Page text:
Life Lines
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Life Lines : Community, Family, and Assimilation among Asian Indian Immigrants

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Description

Asian Indians figure prominently among the educated, middle class subset of contemporary immigrants. They move quickly into residences, jobs, and lifestyles that provide little opportunity with fellow migrants, yet they continue to see themselves as a distinctive community within contemporary American society. In Life Lines Bacon chronicles the creation of a community - Indian-born parents and their children living in the Chicago metropolitan area - bound by neither geographic proximity, nor institutional ties, and explores the processes through which ethnic identity is transmitted to the next generation. Bacon's study centres upon the engrossing portraits of five immigrant families, each one a complex tapestry woven from the distinctive voices of its family members. Both extensive field work among community organizations and analyses of ethnic media help Bacon expose the complicated interplay between the private social interactions of family life and the stylized rhetoric of "Indianness" that permeates public life. This inventive analysis suggests that the process of assimilation which these families undergo parallels the assimilation process experienced by anyone who conceives of him or herself as a member of a distinctive community in search of a place in American society.show more

Product details

  • Hardback | 312 pages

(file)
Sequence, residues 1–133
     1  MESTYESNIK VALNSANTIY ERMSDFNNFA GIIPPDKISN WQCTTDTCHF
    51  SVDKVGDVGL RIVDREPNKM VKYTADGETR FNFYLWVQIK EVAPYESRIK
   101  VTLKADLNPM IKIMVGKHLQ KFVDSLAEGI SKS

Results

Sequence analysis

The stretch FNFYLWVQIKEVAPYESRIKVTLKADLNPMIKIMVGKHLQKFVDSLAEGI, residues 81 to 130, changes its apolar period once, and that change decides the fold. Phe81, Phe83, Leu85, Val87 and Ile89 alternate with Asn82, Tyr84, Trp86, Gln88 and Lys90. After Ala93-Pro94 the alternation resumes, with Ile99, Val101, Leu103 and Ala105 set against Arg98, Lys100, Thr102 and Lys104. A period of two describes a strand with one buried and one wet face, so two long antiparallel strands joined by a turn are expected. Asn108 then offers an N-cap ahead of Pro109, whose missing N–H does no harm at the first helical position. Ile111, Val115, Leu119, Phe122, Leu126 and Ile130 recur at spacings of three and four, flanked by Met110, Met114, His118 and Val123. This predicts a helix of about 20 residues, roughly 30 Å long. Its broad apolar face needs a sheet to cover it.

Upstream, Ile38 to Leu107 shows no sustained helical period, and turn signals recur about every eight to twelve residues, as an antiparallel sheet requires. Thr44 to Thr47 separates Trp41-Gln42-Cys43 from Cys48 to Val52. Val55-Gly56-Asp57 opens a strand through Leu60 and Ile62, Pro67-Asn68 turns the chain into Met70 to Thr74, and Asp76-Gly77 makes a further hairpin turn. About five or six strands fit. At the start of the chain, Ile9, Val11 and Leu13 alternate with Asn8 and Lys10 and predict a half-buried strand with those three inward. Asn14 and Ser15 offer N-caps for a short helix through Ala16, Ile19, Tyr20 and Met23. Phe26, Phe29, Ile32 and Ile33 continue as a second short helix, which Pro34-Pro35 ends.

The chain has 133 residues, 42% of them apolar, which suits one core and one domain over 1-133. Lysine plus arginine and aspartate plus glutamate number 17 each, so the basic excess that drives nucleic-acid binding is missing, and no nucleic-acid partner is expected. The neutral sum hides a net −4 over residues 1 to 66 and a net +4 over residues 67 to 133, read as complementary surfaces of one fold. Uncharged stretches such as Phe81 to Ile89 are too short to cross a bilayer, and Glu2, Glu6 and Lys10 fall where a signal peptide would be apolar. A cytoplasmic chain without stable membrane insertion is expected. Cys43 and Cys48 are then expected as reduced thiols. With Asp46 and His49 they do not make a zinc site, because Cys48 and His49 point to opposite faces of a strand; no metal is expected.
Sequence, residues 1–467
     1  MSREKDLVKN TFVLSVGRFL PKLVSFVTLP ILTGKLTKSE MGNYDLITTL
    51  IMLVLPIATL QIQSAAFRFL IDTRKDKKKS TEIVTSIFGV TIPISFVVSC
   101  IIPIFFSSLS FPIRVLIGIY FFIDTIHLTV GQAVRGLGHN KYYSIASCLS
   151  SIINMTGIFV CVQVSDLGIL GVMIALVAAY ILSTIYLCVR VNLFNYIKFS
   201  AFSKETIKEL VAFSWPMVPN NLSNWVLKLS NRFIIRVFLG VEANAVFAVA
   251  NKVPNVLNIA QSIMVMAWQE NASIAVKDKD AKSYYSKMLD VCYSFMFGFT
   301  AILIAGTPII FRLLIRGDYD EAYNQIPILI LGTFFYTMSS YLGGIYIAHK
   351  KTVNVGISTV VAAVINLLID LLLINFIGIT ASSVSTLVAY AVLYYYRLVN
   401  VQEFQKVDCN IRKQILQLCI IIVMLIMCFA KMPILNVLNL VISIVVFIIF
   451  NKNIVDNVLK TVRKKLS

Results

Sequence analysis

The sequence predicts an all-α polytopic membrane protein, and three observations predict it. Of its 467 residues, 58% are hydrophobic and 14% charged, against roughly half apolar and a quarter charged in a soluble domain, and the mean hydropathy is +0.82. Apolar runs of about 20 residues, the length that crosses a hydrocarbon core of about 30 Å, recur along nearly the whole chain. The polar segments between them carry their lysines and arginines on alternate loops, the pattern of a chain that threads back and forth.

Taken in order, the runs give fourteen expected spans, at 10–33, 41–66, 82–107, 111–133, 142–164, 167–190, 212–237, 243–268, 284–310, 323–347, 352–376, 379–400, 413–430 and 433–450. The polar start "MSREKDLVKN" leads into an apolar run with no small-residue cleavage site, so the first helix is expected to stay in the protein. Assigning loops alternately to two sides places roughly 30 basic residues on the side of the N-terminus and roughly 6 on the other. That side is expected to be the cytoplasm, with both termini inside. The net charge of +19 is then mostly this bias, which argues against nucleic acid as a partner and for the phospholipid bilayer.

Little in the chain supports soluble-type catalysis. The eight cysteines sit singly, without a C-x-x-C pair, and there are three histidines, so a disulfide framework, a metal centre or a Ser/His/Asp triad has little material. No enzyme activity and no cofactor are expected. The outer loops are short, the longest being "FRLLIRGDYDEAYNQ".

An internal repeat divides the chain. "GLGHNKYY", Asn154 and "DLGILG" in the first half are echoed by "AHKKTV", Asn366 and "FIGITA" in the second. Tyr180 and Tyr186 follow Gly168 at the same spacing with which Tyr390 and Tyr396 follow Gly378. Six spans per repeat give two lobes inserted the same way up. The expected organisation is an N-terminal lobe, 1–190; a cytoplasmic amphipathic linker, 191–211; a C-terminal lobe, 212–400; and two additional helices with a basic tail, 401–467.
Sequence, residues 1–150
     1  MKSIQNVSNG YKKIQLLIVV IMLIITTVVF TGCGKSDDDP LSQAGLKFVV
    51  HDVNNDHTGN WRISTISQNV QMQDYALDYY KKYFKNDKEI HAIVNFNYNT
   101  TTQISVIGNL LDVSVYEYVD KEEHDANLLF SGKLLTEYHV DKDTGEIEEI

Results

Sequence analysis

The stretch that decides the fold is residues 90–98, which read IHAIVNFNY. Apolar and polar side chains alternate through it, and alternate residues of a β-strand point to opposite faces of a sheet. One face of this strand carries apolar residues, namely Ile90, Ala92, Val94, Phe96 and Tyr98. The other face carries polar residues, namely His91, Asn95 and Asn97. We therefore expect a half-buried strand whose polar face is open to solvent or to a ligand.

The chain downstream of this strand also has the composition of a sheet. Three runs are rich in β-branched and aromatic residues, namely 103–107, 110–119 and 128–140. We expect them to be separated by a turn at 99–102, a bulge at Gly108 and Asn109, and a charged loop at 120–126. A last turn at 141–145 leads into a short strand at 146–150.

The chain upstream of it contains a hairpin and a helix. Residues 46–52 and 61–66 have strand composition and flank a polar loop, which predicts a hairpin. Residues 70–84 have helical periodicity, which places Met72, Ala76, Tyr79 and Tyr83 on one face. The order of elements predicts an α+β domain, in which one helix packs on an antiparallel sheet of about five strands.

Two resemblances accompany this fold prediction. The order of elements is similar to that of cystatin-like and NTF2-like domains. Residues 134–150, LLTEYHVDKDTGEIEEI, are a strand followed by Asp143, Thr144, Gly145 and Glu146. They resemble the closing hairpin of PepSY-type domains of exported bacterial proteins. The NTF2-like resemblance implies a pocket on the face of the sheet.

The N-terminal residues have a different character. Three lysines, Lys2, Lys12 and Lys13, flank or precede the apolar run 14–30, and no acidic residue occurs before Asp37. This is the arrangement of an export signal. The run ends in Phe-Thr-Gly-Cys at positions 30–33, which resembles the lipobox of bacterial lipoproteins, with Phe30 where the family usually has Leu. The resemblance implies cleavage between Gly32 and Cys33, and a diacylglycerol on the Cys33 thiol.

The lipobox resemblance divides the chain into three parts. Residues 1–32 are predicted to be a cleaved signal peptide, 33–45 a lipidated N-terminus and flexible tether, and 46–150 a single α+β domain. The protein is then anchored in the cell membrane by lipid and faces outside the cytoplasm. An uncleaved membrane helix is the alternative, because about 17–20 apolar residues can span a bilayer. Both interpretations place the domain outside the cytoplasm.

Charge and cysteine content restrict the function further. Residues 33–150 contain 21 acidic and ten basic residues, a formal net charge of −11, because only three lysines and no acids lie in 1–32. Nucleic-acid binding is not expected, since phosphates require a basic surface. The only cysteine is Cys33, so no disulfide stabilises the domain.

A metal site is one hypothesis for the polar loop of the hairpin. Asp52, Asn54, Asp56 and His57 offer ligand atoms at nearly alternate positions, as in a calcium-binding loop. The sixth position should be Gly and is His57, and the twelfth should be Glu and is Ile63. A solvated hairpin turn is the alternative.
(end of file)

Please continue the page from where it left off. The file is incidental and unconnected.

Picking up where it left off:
• 152.4 x 228.6 x 20.3mm | 726.57g
  • Oxford University Press Inc
  • New York, United States
  • English
  • 0195099729
  • 9780195099720

Review quote

Bacon shows us that to truly understand the concept of assimilation we must look at the connection between individual experiances and rhetoric at the level of the family, organization, and larger society. The book is well written, rich in analysis, and makes an important contribution to the field. * International Migration Review * Bacon's study of the Asian Indian community in Chicago adds measureably to our understanding of the unique travails experienced by Asian Indians in their adopted homeland. ... Life Lines is a highly informative and enjoyable book. * Social Forces * Bacon shows us that to truly understand the concept of assimilation we must look at the connection between individual experiances and rhetoric at the level of the family, organization, and larger society. The book is well written, rich in analysis, and makes an important contribution to the field. * International Migration Review * Bacon's study of the Asian Indian community in Chacago adds measureably to our understanding of the unique travails experienced by Asian Indians in their adopted homeland. ... Life Lines is a highly informative and enjoyable book. * Social Forces *show more

Back cover copy

Bacon's study centers upon the engrossing portraits of five immigrant families, each one a complex tapestry woven from the distinctive voices of family members. Attended by extensive field work among community organizations and analysis of ethnic media, Bacon exposes the interplay between the dense social interactions of family life, the primary locus of the experience of "Indianness", and the stylized rhetoric of "Indianness" that emanates from the world of voluntary associations and the ethnic press. This inventive analysis suggests that the process of assimilation which these families undergo parallels that experienced by anyone who conceives of him or herself as a member of a distinctive community in search of a place in American society.show more